Municipalities and state and local units of government feel anxious for myriad reasons heading into the new year, according to Mark Nettleton, an attorney focused on municipal law, land use, zoning and real estate at Grand Rapids-based Mika Meyers PLC. With a new presidential administration, clients are unclear just what may be in store for 2017, according to Nettleton. The attorney thinks all manner of issues, from trade and tax policy to business incentives, could impact West Michigan’s municipalities.
What’s top of mind for you in the areas of municipal law and land use heading into 2017?
Anything that could potentially disrupt what I would characterize as people generally feeling more positive about the economy. I think that is driving a lot of issues at the local level in terms of real estate development.
Does it boil down to uncertainty?
What I see is that it’s had a significant effect on interest rates as it relates to local government borrowing. In late August, if a municipality was going to the market with a 20-year general obligation bond, they’re looking at rates of 2.75 percent and now they’re looking 4 percent plus, probably.
What does that mean for local units of government at the moment?
Timing is everything for municipalities right now in terms of getting the best interest rate possible and there’s an end-of-the-year push for a couple deals that are trying to close to get in while the rates are good. It just impacts borrowing costs. But on a state and local level too, assuming the economy continues on an upward trend, I think you’ll see increased residential and commercial development.
The state has created a climate where it’s trying to encourage job growth and manufacturing growth. But that will result in greater demand for not only new public infrastructure but upgrades to existing infrastructure. That will really be a focus for municipalities.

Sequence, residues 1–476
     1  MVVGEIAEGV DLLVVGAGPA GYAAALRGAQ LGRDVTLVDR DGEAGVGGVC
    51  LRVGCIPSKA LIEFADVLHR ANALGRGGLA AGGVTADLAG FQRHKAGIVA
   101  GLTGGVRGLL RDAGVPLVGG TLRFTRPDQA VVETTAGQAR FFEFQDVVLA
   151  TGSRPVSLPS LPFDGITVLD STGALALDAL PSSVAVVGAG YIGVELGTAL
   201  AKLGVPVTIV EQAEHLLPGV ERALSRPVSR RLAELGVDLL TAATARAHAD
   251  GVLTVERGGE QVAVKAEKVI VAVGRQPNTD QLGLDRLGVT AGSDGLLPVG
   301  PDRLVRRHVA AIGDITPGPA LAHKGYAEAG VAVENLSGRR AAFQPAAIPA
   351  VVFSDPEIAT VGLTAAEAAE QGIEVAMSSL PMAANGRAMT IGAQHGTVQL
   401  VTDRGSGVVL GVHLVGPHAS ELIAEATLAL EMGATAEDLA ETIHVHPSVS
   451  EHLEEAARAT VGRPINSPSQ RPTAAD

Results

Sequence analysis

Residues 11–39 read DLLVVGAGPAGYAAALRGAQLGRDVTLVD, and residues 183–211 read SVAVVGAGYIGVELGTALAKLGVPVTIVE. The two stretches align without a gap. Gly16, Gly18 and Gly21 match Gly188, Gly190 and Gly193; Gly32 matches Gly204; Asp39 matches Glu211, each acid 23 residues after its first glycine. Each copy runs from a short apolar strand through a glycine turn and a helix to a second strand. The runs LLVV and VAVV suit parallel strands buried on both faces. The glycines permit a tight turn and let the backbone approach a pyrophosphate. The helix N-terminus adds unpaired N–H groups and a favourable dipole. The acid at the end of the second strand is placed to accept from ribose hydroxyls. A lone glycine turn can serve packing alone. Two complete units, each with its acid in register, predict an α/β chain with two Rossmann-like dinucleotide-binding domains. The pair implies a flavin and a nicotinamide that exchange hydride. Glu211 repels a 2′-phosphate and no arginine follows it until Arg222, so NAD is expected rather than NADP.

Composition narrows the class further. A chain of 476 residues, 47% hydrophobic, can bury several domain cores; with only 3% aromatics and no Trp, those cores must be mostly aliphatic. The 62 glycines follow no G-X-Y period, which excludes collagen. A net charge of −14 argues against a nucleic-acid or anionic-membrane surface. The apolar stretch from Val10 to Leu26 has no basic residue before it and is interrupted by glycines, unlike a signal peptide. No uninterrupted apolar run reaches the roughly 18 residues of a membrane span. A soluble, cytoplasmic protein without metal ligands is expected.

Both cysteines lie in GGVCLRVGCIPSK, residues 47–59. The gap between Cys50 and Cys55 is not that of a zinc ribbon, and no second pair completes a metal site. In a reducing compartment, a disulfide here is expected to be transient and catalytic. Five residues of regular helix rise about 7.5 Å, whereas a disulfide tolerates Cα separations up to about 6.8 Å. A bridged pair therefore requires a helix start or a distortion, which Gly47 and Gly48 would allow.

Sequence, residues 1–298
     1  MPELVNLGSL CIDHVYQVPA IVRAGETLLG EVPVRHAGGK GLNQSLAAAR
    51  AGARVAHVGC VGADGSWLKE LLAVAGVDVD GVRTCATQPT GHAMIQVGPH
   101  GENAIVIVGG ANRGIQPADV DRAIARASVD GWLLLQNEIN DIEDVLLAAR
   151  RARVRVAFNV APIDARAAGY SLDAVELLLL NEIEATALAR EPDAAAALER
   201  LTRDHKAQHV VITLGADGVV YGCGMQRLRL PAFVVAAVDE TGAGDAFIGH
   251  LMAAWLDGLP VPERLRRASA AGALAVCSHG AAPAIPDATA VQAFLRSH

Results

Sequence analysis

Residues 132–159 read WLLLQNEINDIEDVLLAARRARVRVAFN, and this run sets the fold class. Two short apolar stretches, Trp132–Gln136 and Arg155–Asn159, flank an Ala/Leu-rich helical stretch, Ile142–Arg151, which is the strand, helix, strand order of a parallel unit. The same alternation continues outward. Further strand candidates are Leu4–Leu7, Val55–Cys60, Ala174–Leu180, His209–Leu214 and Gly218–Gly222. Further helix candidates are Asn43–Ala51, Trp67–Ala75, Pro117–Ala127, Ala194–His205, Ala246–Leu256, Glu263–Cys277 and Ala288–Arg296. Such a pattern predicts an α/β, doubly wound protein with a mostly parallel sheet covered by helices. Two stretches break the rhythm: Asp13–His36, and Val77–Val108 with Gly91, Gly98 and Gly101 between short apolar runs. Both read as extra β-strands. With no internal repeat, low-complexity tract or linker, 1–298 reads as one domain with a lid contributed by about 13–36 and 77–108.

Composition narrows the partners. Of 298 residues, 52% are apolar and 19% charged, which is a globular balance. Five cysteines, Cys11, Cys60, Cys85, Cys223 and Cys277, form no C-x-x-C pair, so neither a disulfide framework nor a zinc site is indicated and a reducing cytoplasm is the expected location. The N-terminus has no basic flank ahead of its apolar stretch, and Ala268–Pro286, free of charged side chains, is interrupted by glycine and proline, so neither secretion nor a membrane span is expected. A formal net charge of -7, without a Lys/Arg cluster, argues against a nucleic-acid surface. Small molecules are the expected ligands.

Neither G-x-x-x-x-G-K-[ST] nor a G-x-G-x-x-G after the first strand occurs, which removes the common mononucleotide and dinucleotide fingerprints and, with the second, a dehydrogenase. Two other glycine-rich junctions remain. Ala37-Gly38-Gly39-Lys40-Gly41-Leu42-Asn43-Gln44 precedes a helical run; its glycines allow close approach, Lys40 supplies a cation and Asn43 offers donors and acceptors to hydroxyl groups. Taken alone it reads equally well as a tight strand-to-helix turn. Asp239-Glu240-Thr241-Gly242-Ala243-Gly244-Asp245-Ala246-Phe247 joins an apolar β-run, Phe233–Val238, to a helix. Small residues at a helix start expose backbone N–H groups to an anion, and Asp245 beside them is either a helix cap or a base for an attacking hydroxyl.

President-elect Trump has called for significant infrastructure investment. What are your thoughts on what that might look like?
I don’t think anyone at local levels is thinking that there will be manna from heaven. I think they’ll look toward increased opportunities for financing, perhaps. Through lessening of federal regulations, that might broaden the ability of state and local governments to go to market and finance structured projects. It’s really hard to say what else at this point the new administration has in mind for that infrastructure.
With municipal clients trying to lock in some low rates and given the uncertainty with a new administration, how are you advising clients in the short to mid term?
We’re basically taking an approach of let’s get everything possible done that we can so that if it makes sense to hit the market, we can do that relatively quickly. So doing our homework, taking all the steps, dotting our i’s, crossing our t’s. Get everything ready so that when we need to move, we can.
Overall, what do you make of the variety of economic development bills at the state level that have recently been proposed but didn’t get through this legislative session?
It’s kind of a nuanced area. There are almost a dozen pieces of legislation floating around to restrict TIF entities in what they can and cannot do. That’s been a hot-button topic for a few years. … It’s funny. On the one hand, you have the broadening of TIF legislation (to include various sales and use taxes). … On the other hand, you have the restriction on the ability to capture (revenue increases from millages) for the communities that do a nice job in terms of placemaking, which was a priority of the governor. It’s interesting, the duality of the approach.